Developers divided over RISC OS 4 code checkingPublished: 4th Jun 2006, 20:13:55 | Permalink | Printable
ABC users get surprised [Updated]Opinion is divided amongst developers over the decision to enforce the strict checking of applications in the latest version of 32bit RISC OS 4. The checks will prevent any programs that are not properly constructed from running. While this decreases the chance of poorly written software from crashing the entire desktop, the move has come as a surprise, some say, especially to users of ABC, Castle's BASIC compiler tools.
Software generated by ABC is handled by a module called LegacyExec, provided by AdvantageSix, to allow the code to be executed. Third party developers can also produce their own components to hook into the system to provide support for additional executable formats. However parts of the ABC compiler itself are not correctly flagged as being 32bit compatible, causing them to fail on the A9home.
One Iyonix and A9home user, Chris Hall, said: "The !compile part of the Archimedes Basic Compiler (ABC) package is reported as not 32 bit compatible although it runs OK on the Iyonix so I am having difficulty on the A9.
"The ABC compiler was the main reason I bought the C/C++ development CD, in order to allow an application written in BASIC to run on the new 32 bit computers - the A9 and Iyonix."
Discknight and Armalyser author David Ruck said software authors should talk to Ad6 and ROL.
He said: "It was their decision to prevent hundreds of 32 bit applications from working on the A9 just before it was released, with absolutely no warning to developers."
MW Software's Martin Wuerthner said, for now, the software should be compiled with ABC on the Iyonix.
He added: "With hindsight, it would have been a good idea if [Castle's] RISC OS 5 had introduced such a check - back then, it would have been an ideal moment to do so because all executables had to be changed anyway to make them 32-bit compatible. It would have saved users from seeing a lot of crashes typically experienced when inadvertently running a 26-bit executable.
"When buying software you never get the guarantee that it will run on future OS platforms although sticking to the programming guidelines should maximize the likelihood of running on a new platform."
RISC OS 4.42, shipped with A9homes, will reject any software that doesn't carry a valid signature, known as an AIF header. This declares, amongst other details, whether or not the application is 32bit safe and how much memory it is likely to use. AdvantageSix and RISCOS Ltd took the decision to knock back software without correct AIF headers in an attempt to tighten up stability on their side of the RISC OS platform. Ad6 admitted at the recent Wakefield show that their clients regarded RISC OS as a 'toy operating system' for previously allowing any code to execute on it unchecked. Acorn mandated the AIF header standard 10 years ago, in 1996.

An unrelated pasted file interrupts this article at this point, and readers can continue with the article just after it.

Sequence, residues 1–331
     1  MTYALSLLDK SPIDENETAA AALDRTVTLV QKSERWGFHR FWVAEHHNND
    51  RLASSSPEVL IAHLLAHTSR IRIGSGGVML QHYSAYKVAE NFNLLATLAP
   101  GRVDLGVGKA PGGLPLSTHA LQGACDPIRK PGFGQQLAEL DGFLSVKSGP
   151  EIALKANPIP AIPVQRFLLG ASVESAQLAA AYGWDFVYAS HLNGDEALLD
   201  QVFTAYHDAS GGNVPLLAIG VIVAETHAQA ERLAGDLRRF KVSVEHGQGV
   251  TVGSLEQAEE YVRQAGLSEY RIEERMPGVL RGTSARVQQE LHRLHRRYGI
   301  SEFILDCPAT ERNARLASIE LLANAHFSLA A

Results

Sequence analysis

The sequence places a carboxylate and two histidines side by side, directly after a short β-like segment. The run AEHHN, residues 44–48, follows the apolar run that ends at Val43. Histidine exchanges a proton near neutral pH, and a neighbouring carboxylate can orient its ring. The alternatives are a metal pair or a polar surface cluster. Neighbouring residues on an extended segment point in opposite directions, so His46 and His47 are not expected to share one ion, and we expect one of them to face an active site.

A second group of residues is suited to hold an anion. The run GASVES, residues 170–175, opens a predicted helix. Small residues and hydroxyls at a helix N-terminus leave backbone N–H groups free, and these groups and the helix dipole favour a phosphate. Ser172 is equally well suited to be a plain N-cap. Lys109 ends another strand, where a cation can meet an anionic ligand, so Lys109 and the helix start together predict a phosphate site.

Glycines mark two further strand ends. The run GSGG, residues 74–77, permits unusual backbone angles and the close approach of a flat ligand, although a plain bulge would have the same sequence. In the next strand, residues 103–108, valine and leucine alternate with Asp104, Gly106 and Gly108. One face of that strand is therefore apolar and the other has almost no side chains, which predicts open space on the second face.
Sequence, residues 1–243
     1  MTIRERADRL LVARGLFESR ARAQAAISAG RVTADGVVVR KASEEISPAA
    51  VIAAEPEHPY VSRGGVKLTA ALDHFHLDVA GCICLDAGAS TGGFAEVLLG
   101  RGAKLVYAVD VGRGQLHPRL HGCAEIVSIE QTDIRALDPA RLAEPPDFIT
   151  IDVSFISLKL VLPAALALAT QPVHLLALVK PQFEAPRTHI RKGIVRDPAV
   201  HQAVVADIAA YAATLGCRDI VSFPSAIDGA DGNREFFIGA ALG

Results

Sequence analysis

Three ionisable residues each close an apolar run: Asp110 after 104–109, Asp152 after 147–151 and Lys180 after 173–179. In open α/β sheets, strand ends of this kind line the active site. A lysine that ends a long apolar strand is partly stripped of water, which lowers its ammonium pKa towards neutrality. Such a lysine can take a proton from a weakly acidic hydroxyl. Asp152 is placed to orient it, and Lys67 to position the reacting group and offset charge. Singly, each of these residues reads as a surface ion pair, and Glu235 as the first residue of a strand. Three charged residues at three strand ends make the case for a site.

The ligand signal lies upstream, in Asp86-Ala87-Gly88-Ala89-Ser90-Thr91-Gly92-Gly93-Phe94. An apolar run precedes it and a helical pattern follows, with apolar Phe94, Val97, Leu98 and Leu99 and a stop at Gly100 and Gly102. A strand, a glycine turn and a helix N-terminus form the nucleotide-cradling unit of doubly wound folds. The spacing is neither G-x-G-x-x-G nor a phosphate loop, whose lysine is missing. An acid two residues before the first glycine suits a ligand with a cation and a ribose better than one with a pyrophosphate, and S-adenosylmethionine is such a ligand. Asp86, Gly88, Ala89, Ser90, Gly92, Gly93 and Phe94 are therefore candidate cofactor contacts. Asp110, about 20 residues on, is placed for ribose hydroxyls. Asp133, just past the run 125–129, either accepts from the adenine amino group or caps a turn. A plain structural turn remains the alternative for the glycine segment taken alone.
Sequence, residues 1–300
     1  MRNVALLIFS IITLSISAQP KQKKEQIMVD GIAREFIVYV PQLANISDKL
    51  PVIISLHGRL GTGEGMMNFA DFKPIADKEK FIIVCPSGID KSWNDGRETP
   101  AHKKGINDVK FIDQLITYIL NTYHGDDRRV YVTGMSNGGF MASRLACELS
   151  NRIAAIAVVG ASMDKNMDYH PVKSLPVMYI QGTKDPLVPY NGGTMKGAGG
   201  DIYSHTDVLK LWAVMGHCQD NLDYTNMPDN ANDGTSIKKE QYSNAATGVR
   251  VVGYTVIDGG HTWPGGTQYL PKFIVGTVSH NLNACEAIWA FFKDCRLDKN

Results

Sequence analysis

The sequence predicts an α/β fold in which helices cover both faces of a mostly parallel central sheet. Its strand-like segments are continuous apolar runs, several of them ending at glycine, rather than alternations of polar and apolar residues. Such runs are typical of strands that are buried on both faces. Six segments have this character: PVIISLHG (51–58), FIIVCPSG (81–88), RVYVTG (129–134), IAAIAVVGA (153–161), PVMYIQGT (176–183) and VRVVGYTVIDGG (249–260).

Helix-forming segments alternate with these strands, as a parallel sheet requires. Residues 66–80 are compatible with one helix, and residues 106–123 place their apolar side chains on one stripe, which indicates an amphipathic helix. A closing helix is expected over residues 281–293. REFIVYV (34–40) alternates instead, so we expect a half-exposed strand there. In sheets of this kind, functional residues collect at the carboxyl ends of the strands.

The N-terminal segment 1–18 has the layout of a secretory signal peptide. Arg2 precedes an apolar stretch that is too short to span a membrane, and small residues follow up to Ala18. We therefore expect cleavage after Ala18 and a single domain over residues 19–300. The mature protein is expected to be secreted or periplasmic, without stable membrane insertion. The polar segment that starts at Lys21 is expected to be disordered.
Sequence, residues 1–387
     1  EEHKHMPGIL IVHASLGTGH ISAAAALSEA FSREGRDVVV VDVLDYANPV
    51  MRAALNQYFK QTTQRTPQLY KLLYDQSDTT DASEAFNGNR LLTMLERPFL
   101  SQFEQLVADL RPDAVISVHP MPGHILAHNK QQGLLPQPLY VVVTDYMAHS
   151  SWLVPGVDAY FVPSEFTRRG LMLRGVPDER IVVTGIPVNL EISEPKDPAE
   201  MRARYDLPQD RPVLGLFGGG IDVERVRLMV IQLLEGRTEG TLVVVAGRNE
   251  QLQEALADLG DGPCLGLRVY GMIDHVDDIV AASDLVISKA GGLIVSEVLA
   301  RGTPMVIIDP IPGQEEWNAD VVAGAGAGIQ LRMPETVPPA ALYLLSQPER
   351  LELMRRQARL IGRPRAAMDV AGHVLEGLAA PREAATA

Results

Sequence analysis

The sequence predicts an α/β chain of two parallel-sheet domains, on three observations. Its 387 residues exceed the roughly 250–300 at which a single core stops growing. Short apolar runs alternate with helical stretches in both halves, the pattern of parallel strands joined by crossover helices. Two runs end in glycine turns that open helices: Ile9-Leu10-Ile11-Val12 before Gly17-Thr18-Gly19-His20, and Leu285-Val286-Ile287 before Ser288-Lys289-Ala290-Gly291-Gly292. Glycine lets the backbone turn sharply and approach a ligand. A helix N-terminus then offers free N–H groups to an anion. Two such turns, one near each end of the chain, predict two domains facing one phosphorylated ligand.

Chris Evans of CJE Micros, who sell and support the A9home on AdvantageSix's behalf, said the AIF headers "offered a number of other advantages which would increase reliability."
• To disable the checking on RISC OS 4.42, users should investigate the AIF module.
*help AIF will reveal the settings required to disable the checking, although this isn't recommended unless you know what you're doing.
Update at 12:26 10/06/2006
Alan Glover, who maintains the ABC package, has told Iyonix users: "I believe that the insistence by the A9's OS on AIF headers is a misguided move.
"My position is that there's no incentive to make the changes to ABC. It doesn't make money, and hasn't for many years now. Nor is the fact that it doesn't run on an A9 affecting me in any way."
He added that he would be willing to make the necessary changes if they didn't prove to be too difficult - we understand that this will not be the case. Alan also revealed that his software company, Pineapple, was close to winding up at the time of the Iyonix launch.
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